Something seems a bit off here. If the rendition of Moore's law you quoted here continues to hold out for 5 years, since the speeds are at 3GHz right now it should be around 40GHz then. And oh how beautiful life will be!
If the rendition of Moore's law you quoted here continues to hold out for 5 years, since the speeds are at 3GHz right now it should be around 40GHz then. And oh how beautiful life will be!
Core 2 Extreme QX6850 4 cores 3.00 GHz $999
Core 2 Duo E6850 2 cores 3.00 GHz $266
Core 2 Extreme QX9650 4 cores 3.00 GHz $999
10.20GHz Intel Nehalem slated for 2005
Future Desktop Roadmaps Tejas to reach 9.20GHz, Prescott 5.20GHz
By Mike Magee: Wednesday 29 January 2003
INCLEMENT WEATHER ON this side of the Atlantic ocean threw a turquoise parakeet off course today and a note it was holding in its beak fell into the INQUIRER's back garden.
The contents of the note appear to reveal future plans for future Intel desktop processors right up until 2005.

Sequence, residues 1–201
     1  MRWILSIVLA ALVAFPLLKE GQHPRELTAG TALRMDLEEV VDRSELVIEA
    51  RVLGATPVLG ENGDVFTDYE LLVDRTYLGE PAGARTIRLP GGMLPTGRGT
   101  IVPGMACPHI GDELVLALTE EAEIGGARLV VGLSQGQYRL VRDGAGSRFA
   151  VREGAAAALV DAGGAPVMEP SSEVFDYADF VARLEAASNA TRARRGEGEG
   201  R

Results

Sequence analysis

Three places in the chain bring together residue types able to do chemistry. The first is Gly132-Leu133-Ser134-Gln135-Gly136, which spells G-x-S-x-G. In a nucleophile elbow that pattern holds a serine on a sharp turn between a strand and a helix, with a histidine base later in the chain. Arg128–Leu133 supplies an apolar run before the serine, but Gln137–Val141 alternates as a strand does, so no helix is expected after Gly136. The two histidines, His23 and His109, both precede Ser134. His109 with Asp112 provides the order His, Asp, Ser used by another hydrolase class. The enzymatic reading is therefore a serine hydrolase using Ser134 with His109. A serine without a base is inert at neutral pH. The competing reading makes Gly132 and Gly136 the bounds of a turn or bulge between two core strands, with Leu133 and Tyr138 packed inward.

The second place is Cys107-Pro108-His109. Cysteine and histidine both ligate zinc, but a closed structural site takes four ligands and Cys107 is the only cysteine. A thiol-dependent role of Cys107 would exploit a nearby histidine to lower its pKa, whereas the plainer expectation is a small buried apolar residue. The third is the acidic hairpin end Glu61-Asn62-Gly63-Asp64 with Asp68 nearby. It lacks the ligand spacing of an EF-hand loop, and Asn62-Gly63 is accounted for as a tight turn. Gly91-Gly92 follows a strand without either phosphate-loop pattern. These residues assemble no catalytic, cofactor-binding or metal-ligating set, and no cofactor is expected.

By then, according to the note, Intel will be able to deliver 10.20GHz desktop CPUs codenamed "Nehalem" and produced using 65 nanometer technology.
If Intel manages to migrate away from the 90 nanometer technology it will introduce towards the end of this year, by then the "Prescott" core will deliver at least 5.20GHz using the 800MHz system bus.
The immediate successor to Prescott after it tops out at 5.20GHz will be the "Tejas" core, also produced on a 90 nanometer process and delivering 5.60GHz using a 1066MHz system bus. That's slated to start appearing towards the end of 2004.
Tejas will increase in steady increments which appear to be 6GHz, 6.40GHz, 6.80GHz, 7.20GHz, 7.60GHz, 7GHz, 8.40GHz, 8.80GHz and topping out at 9.20GHz.
The first Nehalem is supposed to appear at 9.60GHz before Intel succeeds in its goal to produce a 10GHz+ chip, the Nehalem, and using a 1200MHz front side bus. µ
No matter how fast they are, Microsoft will build an operating system so complex and buggy that it will drag the processor to its knees.
A little more faster, but not much. That is a tough question to give a specific answer to. There are always advancements in the creation of ways to make computers faster, and I doubt we will not make a big progress in 5 years.
Microsoft operating systems seem to me to be getting lighter and more nimble.